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If you’re an active composter, you’ll definitely have insect larvae in your pile, and that’s a good thing. These creatures are helping the microbes to break down the food waste in your pile and turn it into rich compost. Large, off-white grubs like this picture are very commonly found in compost piles, and people often mistake them for the same grub that damages our lawns.
But the grubs in your pile are from a different species of insect, not the June beetle larvae that eat the roots of your turf grass and other plants. These are the grubs of the rhinoceros beetle. They help decompose your compost. The very large adults don’t eat much at all.
You might also find black soldier fly larvae in your compost pile, which are also good.
The insect species that are attracted to lay eggs in your pile will be influenced by what you put in it. If you have more kitchen scraps and food waste, you’ll likely have more insect larvae. If you’re only composting yard waste, you may not see as many creepy crawlies.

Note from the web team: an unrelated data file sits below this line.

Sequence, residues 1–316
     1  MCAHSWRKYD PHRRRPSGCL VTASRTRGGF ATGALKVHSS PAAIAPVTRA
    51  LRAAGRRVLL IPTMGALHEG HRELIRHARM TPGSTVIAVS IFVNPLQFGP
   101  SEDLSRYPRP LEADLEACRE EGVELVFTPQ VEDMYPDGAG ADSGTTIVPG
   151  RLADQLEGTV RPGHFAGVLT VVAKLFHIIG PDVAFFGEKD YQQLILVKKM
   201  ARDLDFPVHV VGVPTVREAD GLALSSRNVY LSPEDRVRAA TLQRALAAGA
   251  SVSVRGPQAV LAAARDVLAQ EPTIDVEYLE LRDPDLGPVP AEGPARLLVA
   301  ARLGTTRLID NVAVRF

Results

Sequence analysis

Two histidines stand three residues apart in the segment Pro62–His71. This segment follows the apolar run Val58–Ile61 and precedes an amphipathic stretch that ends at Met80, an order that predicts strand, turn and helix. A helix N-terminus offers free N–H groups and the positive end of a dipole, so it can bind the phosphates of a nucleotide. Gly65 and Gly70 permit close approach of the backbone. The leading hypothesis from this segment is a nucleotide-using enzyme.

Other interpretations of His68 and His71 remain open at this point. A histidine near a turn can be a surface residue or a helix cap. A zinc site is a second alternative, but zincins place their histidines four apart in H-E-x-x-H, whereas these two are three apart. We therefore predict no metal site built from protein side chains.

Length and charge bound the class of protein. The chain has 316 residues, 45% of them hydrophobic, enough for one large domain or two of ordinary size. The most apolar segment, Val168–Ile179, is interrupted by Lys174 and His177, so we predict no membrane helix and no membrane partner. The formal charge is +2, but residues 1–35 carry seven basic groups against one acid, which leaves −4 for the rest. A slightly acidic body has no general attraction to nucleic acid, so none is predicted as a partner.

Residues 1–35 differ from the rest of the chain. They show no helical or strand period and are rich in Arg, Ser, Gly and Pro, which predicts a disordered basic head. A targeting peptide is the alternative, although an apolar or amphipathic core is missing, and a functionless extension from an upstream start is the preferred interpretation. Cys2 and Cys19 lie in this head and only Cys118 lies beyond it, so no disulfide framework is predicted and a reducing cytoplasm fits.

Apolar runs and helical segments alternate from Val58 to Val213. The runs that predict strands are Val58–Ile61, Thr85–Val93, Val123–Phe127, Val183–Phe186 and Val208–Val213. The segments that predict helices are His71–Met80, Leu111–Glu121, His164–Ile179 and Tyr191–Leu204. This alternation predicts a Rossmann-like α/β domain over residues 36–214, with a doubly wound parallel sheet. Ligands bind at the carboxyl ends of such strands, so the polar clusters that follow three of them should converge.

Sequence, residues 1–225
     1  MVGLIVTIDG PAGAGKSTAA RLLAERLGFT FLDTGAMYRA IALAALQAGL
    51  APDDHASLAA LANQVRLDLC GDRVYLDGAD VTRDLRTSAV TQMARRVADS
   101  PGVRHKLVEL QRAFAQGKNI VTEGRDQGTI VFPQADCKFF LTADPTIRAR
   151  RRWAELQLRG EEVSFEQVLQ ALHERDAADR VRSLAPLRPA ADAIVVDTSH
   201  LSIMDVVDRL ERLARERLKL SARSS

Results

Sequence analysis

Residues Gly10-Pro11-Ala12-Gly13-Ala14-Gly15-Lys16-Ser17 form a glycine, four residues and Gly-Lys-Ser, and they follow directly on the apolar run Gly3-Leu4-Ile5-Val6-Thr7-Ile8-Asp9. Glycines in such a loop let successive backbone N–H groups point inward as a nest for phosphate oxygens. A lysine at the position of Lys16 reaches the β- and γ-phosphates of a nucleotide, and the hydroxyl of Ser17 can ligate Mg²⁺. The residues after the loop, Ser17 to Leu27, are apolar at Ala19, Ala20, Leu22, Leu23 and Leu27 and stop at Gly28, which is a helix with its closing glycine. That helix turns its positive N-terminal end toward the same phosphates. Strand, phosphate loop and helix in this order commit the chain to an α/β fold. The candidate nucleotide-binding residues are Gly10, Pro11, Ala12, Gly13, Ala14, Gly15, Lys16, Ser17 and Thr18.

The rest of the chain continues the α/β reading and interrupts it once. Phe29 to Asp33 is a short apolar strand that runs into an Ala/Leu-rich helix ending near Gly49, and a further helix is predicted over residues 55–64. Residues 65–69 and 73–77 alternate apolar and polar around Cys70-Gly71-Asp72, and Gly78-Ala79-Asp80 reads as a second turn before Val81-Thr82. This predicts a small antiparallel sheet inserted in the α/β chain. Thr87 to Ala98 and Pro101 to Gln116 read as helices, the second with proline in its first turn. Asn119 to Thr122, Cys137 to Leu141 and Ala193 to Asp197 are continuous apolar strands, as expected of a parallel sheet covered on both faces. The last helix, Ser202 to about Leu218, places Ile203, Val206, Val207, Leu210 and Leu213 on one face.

But fire ants are another matter. Fire ants are actually building their mounds in the nice, soft organic matter of your compost pile. Although they’re doing some aeration and technically aren’t hurting anything in the pile, you most likely still don’t want them living there, since they’ll see the pile as theirs, not yours. If you have a mound of fire ants in your pile, it indicates that you need to turn and moisten the pile more often.
If you’re regularly turning the pile, the ants will have no time to build a home. In the awful summer of 2011, I didn’t turn my pile as much as I should have and I came out one day to discover that a very large colony of fire ants had moved in. I got stung a few times when turning it and it took a few turns to get the ants to move away, but they eventually did. So there’s no need to use any chemical fire ant treatments in this situation.